In the late 1700's, the Marquis de Condorcet proposed an alternative to the voting method put forth by Jean-Charles de Borda. Since there can be no confusion as to the winner of a two-way election, Condorcet's idea was to consider all possible pairwise elections among the candidates.
Recall the "milk, soda, juice" example. If we hold an election between just milk and soda, the 6 voters that have milk top-ranked vote for milk and the 5 voters that have soda top-ranked vote for soda. The 4 remaining voters have juice top-ranked, but they can't vote for juice. Instead they have to vote for their second choice, soda. Thus soda wins the milk versus soda election by a score of 9 to 6. The other pairwise elections are shown below.
Milk versus Soda
Milk versus Juice
Soda versus Juice
Soda wins 9-6
Juice wins 9-6
Soda wins 11-4
Notice that, using the representation triangle, it is easy to add up a candidate's score in a pairwise election. Simply divide the triangle in half between the two candidates and add up the numbers on each side.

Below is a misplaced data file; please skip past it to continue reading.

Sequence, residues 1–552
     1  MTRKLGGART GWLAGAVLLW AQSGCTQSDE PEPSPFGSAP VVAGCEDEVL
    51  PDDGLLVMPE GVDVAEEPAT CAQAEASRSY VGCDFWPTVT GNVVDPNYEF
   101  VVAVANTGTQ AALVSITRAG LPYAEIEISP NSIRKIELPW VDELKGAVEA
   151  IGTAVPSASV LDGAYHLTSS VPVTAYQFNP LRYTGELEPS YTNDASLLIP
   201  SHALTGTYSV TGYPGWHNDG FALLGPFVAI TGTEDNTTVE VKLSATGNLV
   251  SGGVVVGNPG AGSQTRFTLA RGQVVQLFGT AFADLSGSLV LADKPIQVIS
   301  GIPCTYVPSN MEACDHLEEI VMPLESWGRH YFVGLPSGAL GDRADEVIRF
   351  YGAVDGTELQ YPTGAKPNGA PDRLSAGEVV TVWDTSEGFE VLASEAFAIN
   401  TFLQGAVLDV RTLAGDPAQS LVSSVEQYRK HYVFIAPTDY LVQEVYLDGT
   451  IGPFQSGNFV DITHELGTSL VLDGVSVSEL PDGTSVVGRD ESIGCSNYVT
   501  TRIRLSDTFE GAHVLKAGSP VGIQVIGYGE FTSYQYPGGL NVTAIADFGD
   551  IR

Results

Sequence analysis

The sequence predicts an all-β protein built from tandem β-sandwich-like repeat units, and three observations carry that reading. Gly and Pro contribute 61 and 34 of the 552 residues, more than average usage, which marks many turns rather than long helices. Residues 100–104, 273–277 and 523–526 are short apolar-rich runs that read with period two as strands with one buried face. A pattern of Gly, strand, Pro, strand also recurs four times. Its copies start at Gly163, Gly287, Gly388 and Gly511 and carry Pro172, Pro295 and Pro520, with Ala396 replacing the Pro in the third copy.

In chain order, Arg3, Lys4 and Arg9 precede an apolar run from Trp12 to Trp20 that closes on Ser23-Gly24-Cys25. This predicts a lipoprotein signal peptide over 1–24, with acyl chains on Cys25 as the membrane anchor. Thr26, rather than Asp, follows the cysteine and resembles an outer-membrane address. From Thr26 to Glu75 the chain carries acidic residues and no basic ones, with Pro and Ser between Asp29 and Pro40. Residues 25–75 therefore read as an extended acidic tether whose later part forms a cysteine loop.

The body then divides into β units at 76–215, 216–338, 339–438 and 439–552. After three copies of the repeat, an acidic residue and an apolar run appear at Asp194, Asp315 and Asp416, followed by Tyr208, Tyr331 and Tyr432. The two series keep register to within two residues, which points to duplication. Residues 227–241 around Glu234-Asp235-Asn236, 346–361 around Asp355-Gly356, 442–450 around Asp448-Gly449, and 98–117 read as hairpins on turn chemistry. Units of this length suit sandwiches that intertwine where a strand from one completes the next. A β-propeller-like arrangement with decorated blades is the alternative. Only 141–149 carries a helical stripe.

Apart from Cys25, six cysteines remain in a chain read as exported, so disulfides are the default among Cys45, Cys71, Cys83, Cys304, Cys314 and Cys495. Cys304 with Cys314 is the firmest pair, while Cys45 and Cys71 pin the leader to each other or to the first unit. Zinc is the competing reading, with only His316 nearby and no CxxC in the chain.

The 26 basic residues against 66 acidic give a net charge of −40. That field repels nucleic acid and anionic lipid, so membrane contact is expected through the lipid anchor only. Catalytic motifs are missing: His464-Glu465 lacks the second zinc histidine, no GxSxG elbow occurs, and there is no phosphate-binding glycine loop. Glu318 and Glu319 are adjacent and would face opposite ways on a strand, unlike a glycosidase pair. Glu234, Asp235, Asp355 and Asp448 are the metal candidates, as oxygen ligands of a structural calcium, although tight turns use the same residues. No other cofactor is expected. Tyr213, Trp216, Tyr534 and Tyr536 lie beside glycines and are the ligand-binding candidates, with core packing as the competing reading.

If one candidate wins all of the pairwise elections he is involved in, we call that candidate the Condorcet winner. If a candidate loses all of the pairwise elections he is involved in, that candidate is the Condorcet loser. In our example, soda wins both of its pairwise elections, so soda is the Condorcet winner. Since milk loses both of its pairwise elections, milk is the Condorcet loser.
Unfortunately, sometimes pairwise elections do not give us a decisive winner. Consider the following profile:
B > C > A
A > B > C
C > B> A
A > C > B
C > A > B
B > A > C
If we look at pairwise elections in this profile, we find that A beats B (19-17), B beats C (23-13), and C beats A (21-15). So in this example there is no Condorcet winner or Condorcet loser. We say that instead there is a Condorcet cycle.
In the interactive mathlet below, explore pairwise elections and the Condorcet winner. Although it seems natural to look at pairwise elections when there are more than two candidates, these elections can often yield no result, forcing us to consider an alternative way to determine a winner.
James E. Hamblin, "Three Party Elections: Interactive Examples - Pairwise Elections and the Condorcet Winner," Convergence (July 2006)